SingTel Revamps Structure, Agrees to Buy Amobee

Singapore Telecommunications Ltd., Southeast Asia’s biggest phone company, agreed to buy Amobee Inc. for $321 million in cash to expand in mobile advertising amid a surge in demand for smartphones.

The acquisition of Redwood, California-based Amobee is expected to be completed before June, SingTel, as the Singapore-based company is known, said in a filing today. Products from the acquisition will be introduced within a year.

SingTel expects to generate growth by expanding the mobile ads business to offer deals targeted at consumers such as through coupons and loyalty programs as it reduces the reliance on traditional phone services. Wireless operators are counting on the popularity of smartphones such as Apple Inc.’s iPhone to drive up usage of data and applications to revive profit growth.

“Mobile devices today play an important role in everyday life,” SingTel said in the statement. “We want to capture that growth in developed and emerging markets with this acquisition.”

Worldwide tablet-computer sales more than doubled and smartphone demand surged 47 percent in the last quarter, according to data from researchers. That increases the possibility of ads on mobile devices.

Consumers spend 2 hours per day on the phone, SingTel said in a presentation slide today. Mobile advertising is a high-growth opportunity with projected revenues surpassing $20 billion by 2015, according to a handout at a press conference in Singapore today.

Venture Fund

The city-state’s biggest phone operator, whose largest shareholder is Temasek Holdings Pte, set up a S$200 million ($159 million) fund in 2010 to invest in new ventures to get access to technology and boost growth.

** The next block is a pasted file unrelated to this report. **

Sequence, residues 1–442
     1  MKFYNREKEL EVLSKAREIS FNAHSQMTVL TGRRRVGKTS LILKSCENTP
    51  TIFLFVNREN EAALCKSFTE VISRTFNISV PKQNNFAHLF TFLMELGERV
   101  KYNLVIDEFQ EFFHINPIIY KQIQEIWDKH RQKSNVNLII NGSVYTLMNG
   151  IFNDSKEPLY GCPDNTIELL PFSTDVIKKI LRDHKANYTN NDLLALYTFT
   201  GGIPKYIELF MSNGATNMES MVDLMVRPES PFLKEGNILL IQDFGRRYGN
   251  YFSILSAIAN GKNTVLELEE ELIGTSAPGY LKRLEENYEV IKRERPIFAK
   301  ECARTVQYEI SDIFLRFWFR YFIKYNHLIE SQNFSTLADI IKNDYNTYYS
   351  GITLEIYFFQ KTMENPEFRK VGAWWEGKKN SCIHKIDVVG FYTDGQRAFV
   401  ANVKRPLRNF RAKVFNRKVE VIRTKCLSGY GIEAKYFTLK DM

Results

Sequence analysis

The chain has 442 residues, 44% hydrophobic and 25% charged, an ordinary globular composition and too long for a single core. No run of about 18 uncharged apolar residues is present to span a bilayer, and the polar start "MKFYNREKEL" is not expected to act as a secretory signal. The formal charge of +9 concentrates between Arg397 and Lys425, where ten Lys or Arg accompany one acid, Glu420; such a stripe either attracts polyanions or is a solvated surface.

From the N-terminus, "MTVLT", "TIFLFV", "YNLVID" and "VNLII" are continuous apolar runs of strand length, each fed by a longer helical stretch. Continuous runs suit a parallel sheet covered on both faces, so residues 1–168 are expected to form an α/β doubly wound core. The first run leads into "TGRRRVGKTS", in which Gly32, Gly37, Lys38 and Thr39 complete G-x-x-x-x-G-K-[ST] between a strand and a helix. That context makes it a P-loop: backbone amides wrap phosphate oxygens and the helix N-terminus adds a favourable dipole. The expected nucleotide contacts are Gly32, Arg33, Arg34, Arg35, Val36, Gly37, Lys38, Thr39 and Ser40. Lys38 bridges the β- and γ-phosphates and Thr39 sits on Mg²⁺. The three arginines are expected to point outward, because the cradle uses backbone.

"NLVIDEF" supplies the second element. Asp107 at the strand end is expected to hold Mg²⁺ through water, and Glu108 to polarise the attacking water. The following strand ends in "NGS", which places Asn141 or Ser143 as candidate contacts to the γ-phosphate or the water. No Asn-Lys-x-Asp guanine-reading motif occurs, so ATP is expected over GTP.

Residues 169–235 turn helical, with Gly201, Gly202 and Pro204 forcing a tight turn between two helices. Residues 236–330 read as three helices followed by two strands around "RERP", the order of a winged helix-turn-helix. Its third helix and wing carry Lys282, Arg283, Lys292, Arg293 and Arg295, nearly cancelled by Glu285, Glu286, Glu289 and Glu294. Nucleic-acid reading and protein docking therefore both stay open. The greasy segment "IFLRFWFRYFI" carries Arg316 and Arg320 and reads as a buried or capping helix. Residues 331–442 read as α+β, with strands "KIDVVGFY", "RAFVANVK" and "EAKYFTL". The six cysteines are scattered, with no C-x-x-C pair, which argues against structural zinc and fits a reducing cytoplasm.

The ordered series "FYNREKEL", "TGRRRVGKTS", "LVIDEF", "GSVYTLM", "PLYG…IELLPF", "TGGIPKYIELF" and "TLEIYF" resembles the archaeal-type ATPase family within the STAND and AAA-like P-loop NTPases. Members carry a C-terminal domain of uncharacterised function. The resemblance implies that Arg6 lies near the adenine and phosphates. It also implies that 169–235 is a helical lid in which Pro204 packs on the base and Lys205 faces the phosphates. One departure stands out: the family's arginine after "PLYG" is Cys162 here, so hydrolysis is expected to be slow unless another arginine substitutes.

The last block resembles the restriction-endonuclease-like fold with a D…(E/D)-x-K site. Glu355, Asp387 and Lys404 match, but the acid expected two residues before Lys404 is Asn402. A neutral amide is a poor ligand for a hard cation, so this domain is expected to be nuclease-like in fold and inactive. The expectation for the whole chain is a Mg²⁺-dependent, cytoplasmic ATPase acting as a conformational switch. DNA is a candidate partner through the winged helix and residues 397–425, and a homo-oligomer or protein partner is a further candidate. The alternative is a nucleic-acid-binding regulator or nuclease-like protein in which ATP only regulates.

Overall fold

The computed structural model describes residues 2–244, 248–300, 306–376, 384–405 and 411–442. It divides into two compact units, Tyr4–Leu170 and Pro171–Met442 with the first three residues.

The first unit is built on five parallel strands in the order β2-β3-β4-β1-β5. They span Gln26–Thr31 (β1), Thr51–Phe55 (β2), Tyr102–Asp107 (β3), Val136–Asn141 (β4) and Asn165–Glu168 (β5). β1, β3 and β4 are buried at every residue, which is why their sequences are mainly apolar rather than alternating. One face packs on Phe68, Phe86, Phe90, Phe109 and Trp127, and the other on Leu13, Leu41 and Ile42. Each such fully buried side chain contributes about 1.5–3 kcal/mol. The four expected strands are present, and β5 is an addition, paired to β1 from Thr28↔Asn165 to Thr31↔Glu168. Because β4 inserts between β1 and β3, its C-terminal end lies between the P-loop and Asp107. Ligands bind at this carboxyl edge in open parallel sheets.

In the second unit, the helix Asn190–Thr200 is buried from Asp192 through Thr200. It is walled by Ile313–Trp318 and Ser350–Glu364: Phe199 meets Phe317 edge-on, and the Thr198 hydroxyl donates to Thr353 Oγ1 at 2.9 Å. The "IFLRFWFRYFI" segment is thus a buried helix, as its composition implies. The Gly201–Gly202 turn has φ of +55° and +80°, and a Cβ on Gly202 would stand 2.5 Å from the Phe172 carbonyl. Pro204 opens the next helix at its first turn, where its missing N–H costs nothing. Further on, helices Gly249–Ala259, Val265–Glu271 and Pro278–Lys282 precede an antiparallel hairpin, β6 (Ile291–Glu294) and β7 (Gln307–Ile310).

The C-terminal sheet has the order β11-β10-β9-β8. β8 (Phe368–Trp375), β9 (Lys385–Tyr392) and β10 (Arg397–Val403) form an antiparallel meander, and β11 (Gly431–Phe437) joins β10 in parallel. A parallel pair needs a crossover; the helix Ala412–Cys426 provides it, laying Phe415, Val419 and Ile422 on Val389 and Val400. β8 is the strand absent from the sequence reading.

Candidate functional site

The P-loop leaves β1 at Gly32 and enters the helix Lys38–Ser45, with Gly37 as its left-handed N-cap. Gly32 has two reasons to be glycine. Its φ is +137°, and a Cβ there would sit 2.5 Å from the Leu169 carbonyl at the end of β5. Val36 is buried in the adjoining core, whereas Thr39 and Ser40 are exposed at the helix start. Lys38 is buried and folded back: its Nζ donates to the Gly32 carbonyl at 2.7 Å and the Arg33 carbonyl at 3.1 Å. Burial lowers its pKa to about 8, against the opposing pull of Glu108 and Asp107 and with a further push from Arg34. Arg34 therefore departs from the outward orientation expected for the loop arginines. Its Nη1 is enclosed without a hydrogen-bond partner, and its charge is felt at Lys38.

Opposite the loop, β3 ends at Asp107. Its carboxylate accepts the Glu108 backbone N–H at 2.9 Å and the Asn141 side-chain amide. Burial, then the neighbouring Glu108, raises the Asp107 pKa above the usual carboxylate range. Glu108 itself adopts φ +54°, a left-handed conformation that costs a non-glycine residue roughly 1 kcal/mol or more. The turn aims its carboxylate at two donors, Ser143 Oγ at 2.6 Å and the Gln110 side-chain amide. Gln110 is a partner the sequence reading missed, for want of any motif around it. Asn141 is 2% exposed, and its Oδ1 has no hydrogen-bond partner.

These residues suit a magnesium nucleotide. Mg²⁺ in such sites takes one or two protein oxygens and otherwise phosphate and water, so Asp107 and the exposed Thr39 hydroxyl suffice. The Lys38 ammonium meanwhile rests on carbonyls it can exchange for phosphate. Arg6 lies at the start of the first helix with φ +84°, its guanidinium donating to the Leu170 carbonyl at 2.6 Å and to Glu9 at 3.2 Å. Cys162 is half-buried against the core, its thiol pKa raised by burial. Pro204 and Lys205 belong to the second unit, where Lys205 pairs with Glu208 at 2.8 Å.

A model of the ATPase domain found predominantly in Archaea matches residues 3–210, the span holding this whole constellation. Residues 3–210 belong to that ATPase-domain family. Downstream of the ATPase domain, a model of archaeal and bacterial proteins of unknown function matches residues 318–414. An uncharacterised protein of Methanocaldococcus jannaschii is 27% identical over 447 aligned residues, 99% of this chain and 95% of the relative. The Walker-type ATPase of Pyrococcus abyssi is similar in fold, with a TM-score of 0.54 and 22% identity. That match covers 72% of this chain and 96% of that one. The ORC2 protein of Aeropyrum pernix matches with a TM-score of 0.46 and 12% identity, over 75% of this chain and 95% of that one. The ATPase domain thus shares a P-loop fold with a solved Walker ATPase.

The SingTel Innov8 venture fund was part of the company’s plan to transform itself from a traditional home and wireless phone supplier to a multimedia and information-technology services provider. The company has about 434 million customers in 25 countries, across Asia and Africa though its own units and associates such as Bharti Airtel Ltd.

SingTel shares declined 0.6 percent to S$3.13 in Singapore trading. They have gained 1.3 percent this year, compared with a 13 percent jump in the Straits Times Index.

Revamped Structure

The company will also reorganize itself into three businesses of consumer, digital services and information technology for large business and government customers.

Paul O’Sullivan, who currently heads SingTel’s Optus unit in Australia, will run the consumer division while Singapore chief executive officer Allen Lew will be in charge of the digital unit.

The new business structure will take effect on April 1.

“Pan-group management across such a large and diverse portfolio will not be an easy task, and execution will be challenging,” Nicole McCormick, a senior analyst at market researcher Ovum, said in an e-mailed statement. “Country differences will need to be taken into account.”

SingTel owns all of its Singapore and Australian phone businesses in addition to minority stakes in six other mobile operators including Bharti, India’s largest wireless operator, PT Telekomunikasi Selular in Indonesia and Advanced Info Service Pcl in Thailand.

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